Through these activities, we helped increase the digital capability and knowledge of 133 local organisations, from which 244 local staff and volunteers gained better digital skills and confidence. This active period of engagement prior to Covid-19 helped lay down some foundations for the local social sector to be in a position to react when the pandemic hit.
“Giving a background of conversations and discussion and moving our own thinking forward slowly had raised the baseline of general preparedness for what we then had to do when Covid-19 hit […] Our Senior Leadership team is more naturally digitally inclined and willing to embrace options like online training, partly because they have been exposed to a lengthy conversation about digital in part triggered by the Digital Brighton & Hove work”.Jo Crease, CEO of Together Co
People need tablets!
During lockdown, our project’s focus shifted back immediately to supporting those vulnerable people most at risk of social isolation during lockdown. Digital Brighton & Hove coordinated the ‘digital workstream’ of the city council’s Covid-19 Vulnerable People Cell, while working closely with community partners and service users to understand emerging needs on the ground.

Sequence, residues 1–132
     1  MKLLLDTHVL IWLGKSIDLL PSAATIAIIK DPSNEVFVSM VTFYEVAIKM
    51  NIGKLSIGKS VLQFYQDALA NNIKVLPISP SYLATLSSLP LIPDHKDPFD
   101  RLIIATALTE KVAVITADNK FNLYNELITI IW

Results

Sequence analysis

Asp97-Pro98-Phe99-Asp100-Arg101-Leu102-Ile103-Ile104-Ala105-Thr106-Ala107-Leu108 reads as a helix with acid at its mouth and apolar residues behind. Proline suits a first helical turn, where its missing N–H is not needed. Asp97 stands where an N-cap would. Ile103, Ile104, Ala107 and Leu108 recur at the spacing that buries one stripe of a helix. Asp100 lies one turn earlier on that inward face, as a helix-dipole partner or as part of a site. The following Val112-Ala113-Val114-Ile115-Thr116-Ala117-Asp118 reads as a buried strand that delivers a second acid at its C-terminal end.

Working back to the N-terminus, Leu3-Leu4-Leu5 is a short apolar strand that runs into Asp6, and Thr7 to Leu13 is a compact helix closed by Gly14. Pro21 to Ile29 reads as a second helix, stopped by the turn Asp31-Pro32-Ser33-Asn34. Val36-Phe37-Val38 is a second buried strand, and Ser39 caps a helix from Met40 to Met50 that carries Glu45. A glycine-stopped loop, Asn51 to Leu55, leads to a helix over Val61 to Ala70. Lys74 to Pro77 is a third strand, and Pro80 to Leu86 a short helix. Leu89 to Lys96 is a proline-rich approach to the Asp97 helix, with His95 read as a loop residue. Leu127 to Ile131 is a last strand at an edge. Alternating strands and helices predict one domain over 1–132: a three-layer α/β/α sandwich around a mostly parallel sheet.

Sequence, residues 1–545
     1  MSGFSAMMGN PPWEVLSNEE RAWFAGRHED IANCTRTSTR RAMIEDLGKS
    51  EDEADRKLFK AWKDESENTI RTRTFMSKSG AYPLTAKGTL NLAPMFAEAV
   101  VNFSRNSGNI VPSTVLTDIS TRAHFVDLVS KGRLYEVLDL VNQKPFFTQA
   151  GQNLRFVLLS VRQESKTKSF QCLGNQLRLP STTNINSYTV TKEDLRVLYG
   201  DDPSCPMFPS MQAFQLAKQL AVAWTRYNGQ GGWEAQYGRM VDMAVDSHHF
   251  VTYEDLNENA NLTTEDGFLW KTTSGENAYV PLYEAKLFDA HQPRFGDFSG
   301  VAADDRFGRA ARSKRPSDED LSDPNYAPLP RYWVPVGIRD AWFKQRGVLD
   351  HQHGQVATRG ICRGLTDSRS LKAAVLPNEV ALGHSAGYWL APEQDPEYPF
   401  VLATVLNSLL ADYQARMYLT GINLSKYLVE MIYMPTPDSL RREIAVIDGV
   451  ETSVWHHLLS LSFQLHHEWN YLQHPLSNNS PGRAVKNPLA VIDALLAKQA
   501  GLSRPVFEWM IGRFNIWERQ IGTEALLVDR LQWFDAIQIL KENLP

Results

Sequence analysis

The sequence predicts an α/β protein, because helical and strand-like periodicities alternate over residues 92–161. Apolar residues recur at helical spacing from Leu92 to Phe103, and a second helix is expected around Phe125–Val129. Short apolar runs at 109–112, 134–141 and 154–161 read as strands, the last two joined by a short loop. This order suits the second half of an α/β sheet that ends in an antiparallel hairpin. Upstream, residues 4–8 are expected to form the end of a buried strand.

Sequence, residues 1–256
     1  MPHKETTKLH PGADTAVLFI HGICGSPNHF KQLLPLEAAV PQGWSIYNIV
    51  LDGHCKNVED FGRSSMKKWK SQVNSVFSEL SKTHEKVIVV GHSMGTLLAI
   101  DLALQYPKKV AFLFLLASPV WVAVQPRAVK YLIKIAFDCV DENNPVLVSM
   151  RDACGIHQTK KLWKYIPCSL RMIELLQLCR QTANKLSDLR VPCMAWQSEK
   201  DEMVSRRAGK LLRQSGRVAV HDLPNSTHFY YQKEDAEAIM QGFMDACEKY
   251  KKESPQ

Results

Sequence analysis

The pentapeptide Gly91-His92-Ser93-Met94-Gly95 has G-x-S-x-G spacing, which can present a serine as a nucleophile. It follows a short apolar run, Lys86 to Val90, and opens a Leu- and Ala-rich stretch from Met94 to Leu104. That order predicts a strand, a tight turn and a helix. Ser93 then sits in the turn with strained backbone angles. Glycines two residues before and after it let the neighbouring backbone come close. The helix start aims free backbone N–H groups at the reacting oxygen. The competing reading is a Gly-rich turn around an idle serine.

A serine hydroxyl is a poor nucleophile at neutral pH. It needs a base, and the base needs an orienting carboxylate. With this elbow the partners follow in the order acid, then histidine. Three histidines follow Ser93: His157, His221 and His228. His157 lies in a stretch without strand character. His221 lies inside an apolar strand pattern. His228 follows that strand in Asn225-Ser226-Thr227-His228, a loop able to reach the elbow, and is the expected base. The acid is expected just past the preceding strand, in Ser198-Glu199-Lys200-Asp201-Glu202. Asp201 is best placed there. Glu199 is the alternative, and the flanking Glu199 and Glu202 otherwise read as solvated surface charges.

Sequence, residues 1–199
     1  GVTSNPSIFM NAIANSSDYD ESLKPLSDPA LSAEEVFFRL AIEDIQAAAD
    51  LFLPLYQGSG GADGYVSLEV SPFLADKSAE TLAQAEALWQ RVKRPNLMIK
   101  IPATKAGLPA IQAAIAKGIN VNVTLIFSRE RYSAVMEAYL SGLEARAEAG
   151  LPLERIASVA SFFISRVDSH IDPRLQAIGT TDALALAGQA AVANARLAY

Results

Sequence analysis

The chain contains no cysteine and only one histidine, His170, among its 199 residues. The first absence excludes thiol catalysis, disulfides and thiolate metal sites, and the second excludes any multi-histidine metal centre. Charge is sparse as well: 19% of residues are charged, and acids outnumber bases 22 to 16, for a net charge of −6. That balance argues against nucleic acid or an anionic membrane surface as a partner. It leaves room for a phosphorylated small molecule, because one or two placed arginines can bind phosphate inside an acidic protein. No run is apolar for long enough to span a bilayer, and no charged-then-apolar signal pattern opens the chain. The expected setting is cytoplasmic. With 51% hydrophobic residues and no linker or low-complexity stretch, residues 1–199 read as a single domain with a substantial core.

One of the barriers that needed addressing immediately was the lack of a device or internet connection for vulnerable people shielding or not able to afford tech. We were swamped with requests for access to a smartphone, tablet or laptop from both local service users and organisations.
We immediately applied for emergency funding to set up a Covid-19 tablet loan scheme for vulnerable people at risk of social isolation during the pandemic. We were successful in receiving funding from Good Things Foundation, DevicesDotNow and Sussex Community Foundation. We then set up a referral system from scratch using Google Forms and reached out to our partners from the One Digital Partnership to share challenges and potential solutions.